watching. He looked back at the monks with mouths agape, the striking irony was
not lost on him. Trying his best to conceal his contempt at their hypocrisy,
Thomas looked at them in hope that they would see the errors of their ways.
and rankled, he left the monastery and puppies behind, bought some betel nut
from the man beside the water buffalo and rode his motorcycle due west for the
great Irrawaddy River. Tired from the train ride and cranky from the monks
without compassion, coupled with a mouth covered in scratchy dust, the
riverside café was the ideal tonic to evict the anger percolating in his heart.
on the big wooden patio and ordering a large bottle of Dagon Beer, he looked
out beyond the river to the western shore of the Irrawaddy, relishing the new
frontier that had awaited him since researching in Robert Riel's library.
Savoring the amber liquid as it washed the dryness out of his throat, he
watched men in long wooden rowboats paddled against the current of the river
with oars like toothpicks, and saw the Burmese do their work in flip-flops,
sarongs and green bomber jackets. Decrepit wooden boats built before World War
Two lined the shore where women with limbs like sticks washed clothes, and
skinny dogs rummaged for non-existent food. Even the sight of watching the dogs
scavenge for food in the sand made him thirsty. As he unwound on the riverside
patio, he took out a baggie of betel nut he bought outside the monastery and
popped one in his mouth, nursing the hard nut in the leaf tucked between his
gum and cheek.
In trying to figure out a clue using numerology, Thomas
focused on the word twins. It was what separated me from the others. In
numerology each letter had a corresponding number, such as a=1 because it is
the first letter of the alphabet. Each letter after had a number of plus one.
Adding up the letters of twins came to 85: [(t=20) + (w=23) + (i=9) +
(n=14) + (s=19)]. This number had the end result of 13 (8+5), an important
number. It was the number of tribes of Israel (Joseph having the sons Ephraim
and Mannessah), and also the number of disciples plus Jesus. Adding up the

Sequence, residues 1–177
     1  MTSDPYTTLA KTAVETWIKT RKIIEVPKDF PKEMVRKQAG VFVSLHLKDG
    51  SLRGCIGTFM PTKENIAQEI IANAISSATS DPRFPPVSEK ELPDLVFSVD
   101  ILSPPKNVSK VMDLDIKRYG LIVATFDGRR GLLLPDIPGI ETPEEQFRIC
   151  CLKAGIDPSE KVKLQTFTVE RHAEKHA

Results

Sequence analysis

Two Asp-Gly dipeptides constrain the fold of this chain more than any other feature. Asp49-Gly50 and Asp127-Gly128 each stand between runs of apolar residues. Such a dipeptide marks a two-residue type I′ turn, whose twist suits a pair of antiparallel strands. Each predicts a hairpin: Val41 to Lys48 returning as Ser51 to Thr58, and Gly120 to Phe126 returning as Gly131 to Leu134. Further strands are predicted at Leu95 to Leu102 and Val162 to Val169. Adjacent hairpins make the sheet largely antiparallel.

letters of twin came to 66 (20 + 23 + 9 + 14), which was interesting because 6
was considered the number of the Messiah. Therefore 66 could be regarded as two
Messiahs. It also adds up to 12, which was the number of disciples. But since
Thomas was one of two twins, 66 could actually be 33.
He placed his research papers in
front on the table, trying to figure out his next step. With the soft crosswind
coming off the river, he came across a passage in one of his Hopi Prophecy
papers that struck him as important. It read: "... and so it shall be booked
among many the tablets of peace when the 12th moon comes." Since
it described finding the stone tablet during the time of the 12th
moon, he figured the 12th moon was the full moon in the twelfth
month, otherwise known as the Winter Solstice. December 21st was the
first day of winter as well as the shortest day of the year. It was also
exactly opposite Joshua's Sundance, which was on the Spring Soltice, the
longest day of the year.
Always aware of the divine
importance of a coincidence, Thomas quickly employed some basic numerology by
adding up the numbers of the 12th moon. This was: 12 (for December)
+ 21 (for the day when the 12th moon comes), which cadded up to 33.
This was also the twin number. And curiously, the sum of 33 (3 + 3) was
6, the number of the Messiah. He inadverdently itched fine sand into the cut on
his forehead because it tingled and accidentally broke the scab. From all his
papers, it was the only passage that referred to the finding of the stone
tablets. Twin intuition told him 33 was the magic number. It was worth a look
so he finished his Dagon beer beside the great Irrawaddy and left for the